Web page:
have all toolbars locked by default. However, the loss of the MacOS-like menubar at the top of the screen is quite severe. Not only does every window get its own menubar,
wasting precious vertical space (in a 3200x800 twinview setup vertical space is crammed), it also makes it slower to actually use the menubar. Having it consistently at the
top of the screen you just have to move the mouse there, which is easy, but now you have to target way more precisely and spend more time on it, which is a no-go.

These two things exclude the KDE4 desktop from usage. There's one other thing: Plasma. Although I have to admit it looks stunningly nice and clean and can be very useful (I
have seen setups from some of my coworkers who use many plasmoids and a dedicated screen just to monitor system stats of several hosts at once) I never found any use having
something on my desktop other than a wallpaper. This leaves the containers (aka panels). They are not really useable in a vertical setup yet (as written before I don't have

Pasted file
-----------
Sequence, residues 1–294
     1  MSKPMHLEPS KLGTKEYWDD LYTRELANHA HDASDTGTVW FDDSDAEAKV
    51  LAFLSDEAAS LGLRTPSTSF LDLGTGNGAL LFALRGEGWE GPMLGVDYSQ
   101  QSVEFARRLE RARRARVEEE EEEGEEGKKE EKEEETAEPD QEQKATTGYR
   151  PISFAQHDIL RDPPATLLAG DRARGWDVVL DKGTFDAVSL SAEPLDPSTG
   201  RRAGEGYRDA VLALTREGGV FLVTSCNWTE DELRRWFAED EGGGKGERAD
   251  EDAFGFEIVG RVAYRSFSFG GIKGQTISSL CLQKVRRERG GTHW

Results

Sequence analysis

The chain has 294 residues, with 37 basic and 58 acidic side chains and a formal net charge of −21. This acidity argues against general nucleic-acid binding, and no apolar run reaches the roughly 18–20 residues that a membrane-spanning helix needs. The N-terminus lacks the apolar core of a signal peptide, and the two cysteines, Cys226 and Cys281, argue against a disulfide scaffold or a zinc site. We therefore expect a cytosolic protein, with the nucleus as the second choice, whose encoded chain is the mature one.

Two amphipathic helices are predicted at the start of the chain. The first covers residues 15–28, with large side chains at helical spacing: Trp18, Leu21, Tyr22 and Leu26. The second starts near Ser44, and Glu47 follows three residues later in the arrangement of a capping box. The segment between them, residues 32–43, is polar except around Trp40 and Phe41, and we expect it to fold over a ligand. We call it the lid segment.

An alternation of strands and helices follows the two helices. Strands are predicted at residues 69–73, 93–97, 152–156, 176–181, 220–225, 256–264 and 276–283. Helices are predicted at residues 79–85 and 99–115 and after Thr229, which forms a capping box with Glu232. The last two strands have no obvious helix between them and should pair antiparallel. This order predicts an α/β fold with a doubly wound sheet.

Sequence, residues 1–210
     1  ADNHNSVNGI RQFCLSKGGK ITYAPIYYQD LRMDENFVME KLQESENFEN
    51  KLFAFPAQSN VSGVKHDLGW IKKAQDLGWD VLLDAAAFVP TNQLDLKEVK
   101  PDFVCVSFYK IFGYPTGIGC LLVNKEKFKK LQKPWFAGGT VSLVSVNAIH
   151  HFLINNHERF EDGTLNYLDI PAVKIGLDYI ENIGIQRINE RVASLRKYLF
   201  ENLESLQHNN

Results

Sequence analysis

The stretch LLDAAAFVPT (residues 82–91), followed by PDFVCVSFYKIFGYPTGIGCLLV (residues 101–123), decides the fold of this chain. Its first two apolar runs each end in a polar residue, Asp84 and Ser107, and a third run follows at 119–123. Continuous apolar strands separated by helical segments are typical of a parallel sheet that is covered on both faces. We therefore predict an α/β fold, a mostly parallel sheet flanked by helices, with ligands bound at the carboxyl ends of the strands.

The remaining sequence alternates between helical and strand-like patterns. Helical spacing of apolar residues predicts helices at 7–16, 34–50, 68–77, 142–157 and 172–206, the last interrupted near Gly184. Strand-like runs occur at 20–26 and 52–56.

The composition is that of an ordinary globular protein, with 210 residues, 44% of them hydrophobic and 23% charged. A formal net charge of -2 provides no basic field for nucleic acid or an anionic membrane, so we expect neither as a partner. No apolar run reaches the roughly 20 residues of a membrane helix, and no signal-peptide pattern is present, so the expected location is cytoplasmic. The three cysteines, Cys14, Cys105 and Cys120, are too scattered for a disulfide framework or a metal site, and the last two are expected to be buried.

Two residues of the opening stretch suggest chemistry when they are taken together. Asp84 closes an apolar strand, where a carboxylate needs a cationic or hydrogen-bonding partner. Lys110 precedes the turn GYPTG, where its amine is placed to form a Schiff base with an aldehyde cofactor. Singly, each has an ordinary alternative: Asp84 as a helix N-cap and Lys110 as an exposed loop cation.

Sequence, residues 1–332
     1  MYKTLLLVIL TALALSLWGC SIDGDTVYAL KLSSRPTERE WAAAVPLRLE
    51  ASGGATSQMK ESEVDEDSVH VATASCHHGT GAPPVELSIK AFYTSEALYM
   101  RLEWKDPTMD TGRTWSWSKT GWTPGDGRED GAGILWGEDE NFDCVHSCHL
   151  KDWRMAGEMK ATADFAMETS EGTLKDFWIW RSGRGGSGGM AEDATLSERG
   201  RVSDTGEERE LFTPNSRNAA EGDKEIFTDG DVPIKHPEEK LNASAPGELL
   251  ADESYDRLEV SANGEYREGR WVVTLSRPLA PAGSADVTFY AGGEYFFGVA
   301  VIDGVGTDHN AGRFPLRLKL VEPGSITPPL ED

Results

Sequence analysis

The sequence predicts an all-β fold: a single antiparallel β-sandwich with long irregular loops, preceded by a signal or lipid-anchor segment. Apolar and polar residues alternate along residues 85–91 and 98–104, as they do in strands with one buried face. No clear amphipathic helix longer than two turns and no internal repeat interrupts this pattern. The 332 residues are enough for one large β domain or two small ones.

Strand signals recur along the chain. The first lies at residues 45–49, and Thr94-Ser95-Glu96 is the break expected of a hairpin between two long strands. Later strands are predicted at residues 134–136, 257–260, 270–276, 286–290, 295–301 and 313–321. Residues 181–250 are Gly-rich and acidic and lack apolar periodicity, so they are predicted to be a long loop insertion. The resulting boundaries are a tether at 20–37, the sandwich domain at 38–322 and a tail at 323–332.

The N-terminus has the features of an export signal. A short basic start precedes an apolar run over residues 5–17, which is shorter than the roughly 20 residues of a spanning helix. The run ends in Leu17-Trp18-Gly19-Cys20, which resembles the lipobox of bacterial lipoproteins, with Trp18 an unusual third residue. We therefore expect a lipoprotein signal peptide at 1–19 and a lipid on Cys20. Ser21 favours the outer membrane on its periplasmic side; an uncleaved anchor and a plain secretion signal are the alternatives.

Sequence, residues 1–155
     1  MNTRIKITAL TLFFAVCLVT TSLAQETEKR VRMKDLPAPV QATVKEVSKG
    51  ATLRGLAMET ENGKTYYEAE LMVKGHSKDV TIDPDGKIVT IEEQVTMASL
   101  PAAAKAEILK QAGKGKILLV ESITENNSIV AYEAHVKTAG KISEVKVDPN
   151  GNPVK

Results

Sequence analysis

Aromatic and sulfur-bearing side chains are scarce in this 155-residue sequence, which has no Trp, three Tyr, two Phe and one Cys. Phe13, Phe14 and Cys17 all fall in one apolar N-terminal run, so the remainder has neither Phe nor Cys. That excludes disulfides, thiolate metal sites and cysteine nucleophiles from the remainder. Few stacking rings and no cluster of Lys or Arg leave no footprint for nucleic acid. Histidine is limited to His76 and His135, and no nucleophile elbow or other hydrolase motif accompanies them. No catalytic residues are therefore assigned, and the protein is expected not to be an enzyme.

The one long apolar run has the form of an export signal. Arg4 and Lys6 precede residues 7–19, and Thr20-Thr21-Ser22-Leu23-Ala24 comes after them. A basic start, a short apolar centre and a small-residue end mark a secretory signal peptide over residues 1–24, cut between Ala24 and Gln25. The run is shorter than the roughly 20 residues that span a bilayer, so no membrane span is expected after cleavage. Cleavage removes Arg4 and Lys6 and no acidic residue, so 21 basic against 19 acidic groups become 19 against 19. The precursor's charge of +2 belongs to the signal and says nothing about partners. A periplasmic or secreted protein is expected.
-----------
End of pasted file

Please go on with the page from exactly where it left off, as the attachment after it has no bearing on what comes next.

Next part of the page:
much vertical space) but this will hopefully improve. However, they are mostly a wasted chance. Although there are important improvements to the systray plasmoid recently the
whole concept needs a complete overhaul. If I have an app starter plasmoid, let's say for Amarok, I click on it and it will start, continuing playing the song from when I
last quit it. Everything should be fine, right? Nope. In order to control it and not waste precious global shortcuts (and my keyboard had no "multimedia"-keys) there is a
small plasmoid for the systray which gives access to the most important functions and the ability to hide the main window. But why? If I have a nice big Amarok symbol in the
panel, why waste space for a second, although smaller, one? Why not use the bigger and easier to target one? I know, due to X specs and restrictions this would only work for
KDE programs but that's what an integrated desktop is all about, right? So when I click on the Kontact starter and the app is running the starter could take over all
functionality currently crammed into the tiny systray area. An overlay number can show the amount of unread mail and it can spawn a passive popup when a meeting is